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Supportive Texts Can Improve College Students’ Mental Health

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New research shows college students receiving a check-in text message from a friend or family member are more likely to thrive away from home.

The supportive texts can help reduce feelings of isolation and depression, says Tara Suwinyattichaiporn (Dr. Tara), Cal State Fullerton associate professor of human communication studies.

Academic pressure, independence from one’s family, separation from social support networks back home, and increased social stress can put millennials and Generation Z college students (18-35 years old in this study) at risk for experiencing anxiety, depression, and suicidal ideation. 

“It means a lot to receive a supportive text from friends and family, especially during this time of COVID-19 and being more isolated than usual,” says Suwinyattichaiporn, who studied how online social support can affect and potentially improve mental health in college students. The research included 3,727 college students, which had 21% millennials and 79% Gen Zers.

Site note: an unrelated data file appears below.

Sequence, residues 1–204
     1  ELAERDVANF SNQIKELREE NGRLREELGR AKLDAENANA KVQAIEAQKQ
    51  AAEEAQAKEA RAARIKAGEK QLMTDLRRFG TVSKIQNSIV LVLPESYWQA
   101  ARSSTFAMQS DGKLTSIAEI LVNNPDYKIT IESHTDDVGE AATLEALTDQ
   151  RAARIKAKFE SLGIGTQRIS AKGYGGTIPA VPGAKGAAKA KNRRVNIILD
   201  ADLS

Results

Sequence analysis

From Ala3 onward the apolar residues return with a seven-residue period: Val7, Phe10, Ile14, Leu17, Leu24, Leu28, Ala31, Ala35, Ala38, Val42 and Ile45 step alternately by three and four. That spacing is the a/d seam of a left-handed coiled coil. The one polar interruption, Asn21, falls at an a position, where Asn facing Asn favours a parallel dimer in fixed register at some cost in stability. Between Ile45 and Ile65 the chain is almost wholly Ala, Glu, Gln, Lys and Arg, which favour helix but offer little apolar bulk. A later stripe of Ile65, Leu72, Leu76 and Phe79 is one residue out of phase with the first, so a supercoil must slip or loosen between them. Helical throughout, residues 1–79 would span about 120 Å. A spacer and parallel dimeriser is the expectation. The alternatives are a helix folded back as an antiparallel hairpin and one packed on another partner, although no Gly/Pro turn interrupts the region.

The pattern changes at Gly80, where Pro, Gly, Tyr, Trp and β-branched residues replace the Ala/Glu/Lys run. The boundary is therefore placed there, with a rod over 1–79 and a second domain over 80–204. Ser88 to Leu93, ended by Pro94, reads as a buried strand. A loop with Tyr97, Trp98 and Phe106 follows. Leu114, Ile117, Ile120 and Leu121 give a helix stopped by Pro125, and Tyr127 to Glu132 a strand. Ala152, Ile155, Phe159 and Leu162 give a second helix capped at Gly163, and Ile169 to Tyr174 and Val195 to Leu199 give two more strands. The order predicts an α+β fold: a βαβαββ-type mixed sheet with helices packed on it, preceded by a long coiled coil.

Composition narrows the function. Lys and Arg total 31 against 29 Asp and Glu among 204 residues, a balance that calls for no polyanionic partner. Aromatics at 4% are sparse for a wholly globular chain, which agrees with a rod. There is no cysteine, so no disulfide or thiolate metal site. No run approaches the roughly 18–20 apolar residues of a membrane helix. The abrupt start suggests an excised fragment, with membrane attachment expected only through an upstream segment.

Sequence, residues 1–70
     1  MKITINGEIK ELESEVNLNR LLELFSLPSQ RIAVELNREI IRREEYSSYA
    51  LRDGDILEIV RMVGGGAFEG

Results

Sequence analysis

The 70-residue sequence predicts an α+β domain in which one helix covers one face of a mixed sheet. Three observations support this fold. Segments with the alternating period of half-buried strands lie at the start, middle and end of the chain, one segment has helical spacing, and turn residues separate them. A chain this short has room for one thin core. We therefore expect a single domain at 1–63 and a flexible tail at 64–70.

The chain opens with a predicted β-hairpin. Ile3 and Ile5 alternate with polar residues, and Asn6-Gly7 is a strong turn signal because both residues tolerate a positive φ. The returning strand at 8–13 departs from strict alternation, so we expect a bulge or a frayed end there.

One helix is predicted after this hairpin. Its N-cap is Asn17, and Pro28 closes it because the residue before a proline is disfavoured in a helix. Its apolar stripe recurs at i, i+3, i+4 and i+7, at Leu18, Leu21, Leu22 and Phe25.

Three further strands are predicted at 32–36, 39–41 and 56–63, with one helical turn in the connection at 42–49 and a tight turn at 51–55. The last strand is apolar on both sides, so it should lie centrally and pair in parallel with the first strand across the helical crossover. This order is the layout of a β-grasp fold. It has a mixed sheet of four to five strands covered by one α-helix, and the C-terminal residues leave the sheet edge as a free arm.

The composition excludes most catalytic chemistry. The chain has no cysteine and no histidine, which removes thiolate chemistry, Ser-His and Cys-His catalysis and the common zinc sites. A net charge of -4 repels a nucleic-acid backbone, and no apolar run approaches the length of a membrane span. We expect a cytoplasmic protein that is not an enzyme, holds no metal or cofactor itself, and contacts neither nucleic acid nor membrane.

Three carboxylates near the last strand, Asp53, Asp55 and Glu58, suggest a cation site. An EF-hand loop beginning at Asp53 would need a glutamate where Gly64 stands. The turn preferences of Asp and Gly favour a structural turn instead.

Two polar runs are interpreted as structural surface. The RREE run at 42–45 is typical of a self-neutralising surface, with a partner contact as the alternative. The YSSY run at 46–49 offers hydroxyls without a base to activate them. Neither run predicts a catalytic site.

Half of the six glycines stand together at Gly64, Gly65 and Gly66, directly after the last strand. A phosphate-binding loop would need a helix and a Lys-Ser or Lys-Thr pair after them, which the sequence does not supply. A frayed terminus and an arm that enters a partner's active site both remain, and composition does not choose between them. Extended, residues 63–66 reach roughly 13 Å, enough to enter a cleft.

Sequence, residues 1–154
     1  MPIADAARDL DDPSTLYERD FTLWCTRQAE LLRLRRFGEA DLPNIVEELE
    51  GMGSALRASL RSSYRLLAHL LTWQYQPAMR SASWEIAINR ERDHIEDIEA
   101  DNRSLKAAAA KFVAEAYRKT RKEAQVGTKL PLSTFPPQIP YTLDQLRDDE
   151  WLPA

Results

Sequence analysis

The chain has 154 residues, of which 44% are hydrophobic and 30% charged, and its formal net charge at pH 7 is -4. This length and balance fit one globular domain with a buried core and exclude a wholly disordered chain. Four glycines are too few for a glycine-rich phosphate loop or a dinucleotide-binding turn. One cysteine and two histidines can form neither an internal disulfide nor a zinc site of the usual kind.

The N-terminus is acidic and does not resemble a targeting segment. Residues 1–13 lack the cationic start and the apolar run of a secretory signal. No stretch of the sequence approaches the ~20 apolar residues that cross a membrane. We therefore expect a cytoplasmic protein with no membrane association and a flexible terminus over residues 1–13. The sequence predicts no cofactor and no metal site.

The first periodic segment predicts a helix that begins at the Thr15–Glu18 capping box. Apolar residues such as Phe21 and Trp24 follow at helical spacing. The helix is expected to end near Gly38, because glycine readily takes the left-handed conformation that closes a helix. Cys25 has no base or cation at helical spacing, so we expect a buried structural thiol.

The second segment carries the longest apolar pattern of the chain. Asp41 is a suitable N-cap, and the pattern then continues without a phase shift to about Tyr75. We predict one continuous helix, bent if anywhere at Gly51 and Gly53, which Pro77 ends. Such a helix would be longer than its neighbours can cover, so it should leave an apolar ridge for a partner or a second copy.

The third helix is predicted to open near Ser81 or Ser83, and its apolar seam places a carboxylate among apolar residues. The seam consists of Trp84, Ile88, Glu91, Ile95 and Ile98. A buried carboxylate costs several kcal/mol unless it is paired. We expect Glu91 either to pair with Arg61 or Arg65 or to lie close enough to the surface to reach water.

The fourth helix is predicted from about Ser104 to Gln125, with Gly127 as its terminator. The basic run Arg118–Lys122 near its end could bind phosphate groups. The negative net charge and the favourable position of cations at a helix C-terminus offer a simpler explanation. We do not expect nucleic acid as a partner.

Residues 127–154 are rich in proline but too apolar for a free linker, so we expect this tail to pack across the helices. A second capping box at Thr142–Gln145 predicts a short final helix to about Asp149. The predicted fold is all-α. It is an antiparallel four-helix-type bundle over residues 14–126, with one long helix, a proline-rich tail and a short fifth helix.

Just Text Me: Investigating the Effects of Computer-Mediated Social Support on Mental Health Outcomes Among Millennial and Generation Z Populations” was co-authored by Meredith Turner ’18, ’20 (B.A., M.A. human communication studies) and published in the Kentucky Journal of Communication. Suwinyattichaiporn and Turner studied this trend because almost every college-aged millennial and Gen Zer in the U.S. own a smartphone, and on average, sends over 110 messages a day, according to Pew Center research.

Suwinyattichaiporn’s research shows:

  • College-aged students supported by friends and family through texting report feeling less stressed and isolated than those receiving little to no text-based social support. 
  • Students thrive when social support is combined with counseling.
  • Students are much more likely to use online counseling when they believe the quality will be just as high or higher than face-to-face counseling.

“The main thing I hope people take away from this research is to check in with your friends and family and just be there for them,” she says.